Again, I’m not complaining one iota, I assure you. I’m just sharing these insights from my own occupation to illustrate that even for a situation like mine, where I’m doing work that fits me like a glove, there are still plenty of annoying obstacles that one has to cope with and figure out how to work around. But the good news, and why I think my situation has worked out so well, is that I’ve spent a tremendous amount of time reflecting on my priorities — in many cases, applying my own models to gain greater clarity — and as a result, I think I’ve figured out the exact elements that “feed my soul” in a job, compared to other aspects of work that are less important to me or that I can learn to live without. This knowledge has given me (I believe) a great deal of freedom and power in terms of how I’ve navigated my own career prospects over the years, to the point that I’ve actually turned down several formal offers from other organizations after carefully analyzing how the pros/cons stacked up against what I’ve learned about myself.
So my advice to people, especially folks who haven’t been highly satisfied with their careers to date, is to start with a thorough re-assessment of their priorities and a clear identification of the “outputs” they most want/need to derive from their work. Make sure to push yourself beyond the easy answers. You might surprise yourself. Over the years, in fact, I’ve been shocked by the VAST range of different notions my clients have expressed about their careers, ranging from people who are all about achieving fame and fortune (which is just fine, if that’s how you’re wired!) to people whose top priority might be job security, fun, personal growth, work/life balance, making a difference in the world, or some other factor. There are no judgments here — just be true to yourself — and you might also discover that your priorities have changed over time, as you’ve grown older and more experienced. They almost always do.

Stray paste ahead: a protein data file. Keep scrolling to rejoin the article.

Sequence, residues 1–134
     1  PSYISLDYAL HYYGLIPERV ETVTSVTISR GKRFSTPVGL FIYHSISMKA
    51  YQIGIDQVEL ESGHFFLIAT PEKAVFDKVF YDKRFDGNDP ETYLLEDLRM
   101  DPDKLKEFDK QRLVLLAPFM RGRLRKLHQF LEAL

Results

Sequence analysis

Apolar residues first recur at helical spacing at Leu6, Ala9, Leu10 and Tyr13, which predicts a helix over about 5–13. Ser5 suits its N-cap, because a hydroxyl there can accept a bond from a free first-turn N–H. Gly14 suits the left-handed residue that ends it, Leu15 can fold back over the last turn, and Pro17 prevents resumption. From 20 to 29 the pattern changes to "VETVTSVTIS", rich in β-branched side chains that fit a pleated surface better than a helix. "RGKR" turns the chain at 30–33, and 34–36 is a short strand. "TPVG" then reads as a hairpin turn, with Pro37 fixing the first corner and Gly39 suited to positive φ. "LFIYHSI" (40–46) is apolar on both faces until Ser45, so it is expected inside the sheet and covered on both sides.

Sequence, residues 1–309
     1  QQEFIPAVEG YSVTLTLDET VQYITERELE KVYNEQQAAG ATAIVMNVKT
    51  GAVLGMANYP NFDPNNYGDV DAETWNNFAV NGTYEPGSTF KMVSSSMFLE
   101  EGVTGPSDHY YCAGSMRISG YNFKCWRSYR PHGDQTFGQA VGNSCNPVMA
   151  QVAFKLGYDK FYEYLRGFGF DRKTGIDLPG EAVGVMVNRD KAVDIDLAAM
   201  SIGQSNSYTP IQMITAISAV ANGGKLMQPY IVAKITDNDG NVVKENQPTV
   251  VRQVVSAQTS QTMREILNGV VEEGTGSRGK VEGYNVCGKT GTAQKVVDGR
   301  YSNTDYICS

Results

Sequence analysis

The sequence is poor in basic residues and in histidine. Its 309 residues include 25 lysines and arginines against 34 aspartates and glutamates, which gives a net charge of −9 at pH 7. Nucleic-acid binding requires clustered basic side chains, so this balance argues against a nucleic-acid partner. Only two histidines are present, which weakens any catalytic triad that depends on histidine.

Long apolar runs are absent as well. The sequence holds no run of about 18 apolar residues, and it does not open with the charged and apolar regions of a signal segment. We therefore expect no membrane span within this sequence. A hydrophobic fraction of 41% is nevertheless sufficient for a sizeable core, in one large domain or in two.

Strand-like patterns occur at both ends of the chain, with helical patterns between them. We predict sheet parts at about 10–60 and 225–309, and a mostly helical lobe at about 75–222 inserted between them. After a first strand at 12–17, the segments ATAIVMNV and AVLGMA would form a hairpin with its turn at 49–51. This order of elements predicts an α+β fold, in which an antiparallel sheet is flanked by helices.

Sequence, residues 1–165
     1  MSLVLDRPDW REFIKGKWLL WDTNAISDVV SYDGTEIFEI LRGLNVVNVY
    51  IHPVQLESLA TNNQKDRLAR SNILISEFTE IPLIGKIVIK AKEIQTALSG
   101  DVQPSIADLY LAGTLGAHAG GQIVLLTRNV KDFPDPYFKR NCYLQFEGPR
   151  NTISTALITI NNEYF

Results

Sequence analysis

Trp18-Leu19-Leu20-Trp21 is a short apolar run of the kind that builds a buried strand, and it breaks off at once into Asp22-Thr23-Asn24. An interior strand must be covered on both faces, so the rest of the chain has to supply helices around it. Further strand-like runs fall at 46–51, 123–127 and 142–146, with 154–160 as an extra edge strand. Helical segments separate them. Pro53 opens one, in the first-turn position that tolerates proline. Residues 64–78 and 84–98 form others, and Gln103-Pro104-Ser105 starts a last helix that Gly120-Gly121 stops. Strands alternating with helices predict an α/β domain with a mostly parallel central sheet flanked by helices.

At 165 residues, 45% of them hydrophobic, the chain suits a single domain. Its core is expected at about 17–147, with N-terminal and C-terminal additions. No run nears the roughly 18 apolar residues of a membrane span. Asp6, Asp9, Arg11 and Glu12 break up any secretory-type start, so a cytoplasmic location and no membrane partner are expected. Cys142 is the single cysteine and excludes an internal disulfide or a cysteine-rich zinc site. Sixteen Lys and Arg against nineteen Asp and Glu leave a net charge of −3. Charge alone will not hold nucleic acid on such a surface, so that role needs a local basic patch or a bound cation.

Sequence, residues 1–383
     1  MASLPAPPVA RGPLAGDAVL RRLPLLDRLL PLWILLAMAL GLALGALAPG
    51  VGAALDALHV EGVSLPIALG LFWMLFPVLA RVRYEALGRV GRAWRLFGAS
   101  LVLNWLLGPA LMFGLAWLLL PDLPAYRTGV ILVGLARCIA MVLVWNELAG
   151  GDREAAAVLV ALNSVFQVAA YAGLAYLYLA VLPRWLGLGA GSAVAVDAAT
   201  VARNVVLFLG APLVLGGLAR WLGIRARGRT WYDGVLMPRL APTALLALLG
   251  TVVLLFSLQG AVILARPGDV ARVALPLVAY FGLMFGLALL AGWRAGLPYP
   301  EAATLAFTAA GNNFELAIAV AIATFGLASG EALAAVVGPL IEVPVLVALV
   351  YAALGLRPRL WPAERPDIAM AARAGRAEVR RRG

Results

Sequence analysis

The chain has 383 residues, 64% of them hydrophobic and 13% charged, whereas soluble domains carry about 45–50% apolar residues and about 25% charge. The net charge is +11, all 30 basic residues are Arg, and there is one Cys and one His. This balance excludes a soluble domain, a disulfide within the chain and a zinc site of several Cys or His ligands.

At any rate, there’s much more we could discuss on the subject, if anybody’s interested, but I think I’ve made my key point and that’s probably more than enough to chew on for a single blog post. Please feel free to post a comment if you have other thoughts/ideas around the subject of career satisfaction, since it’s an area that really spins my jets. And lastly, while perhaps not the most upbeat observation to end on, the simple fact is that today’s recessed economy (aka “buyers market”) is going to require professionals to accept more tradeoffs in their work than they likely would in more “normal” economic times — so the clearer you can become about your priorities, and what’s really important to you, the better you’ll be able to make tough choices like the ones I outlined at the start of the article!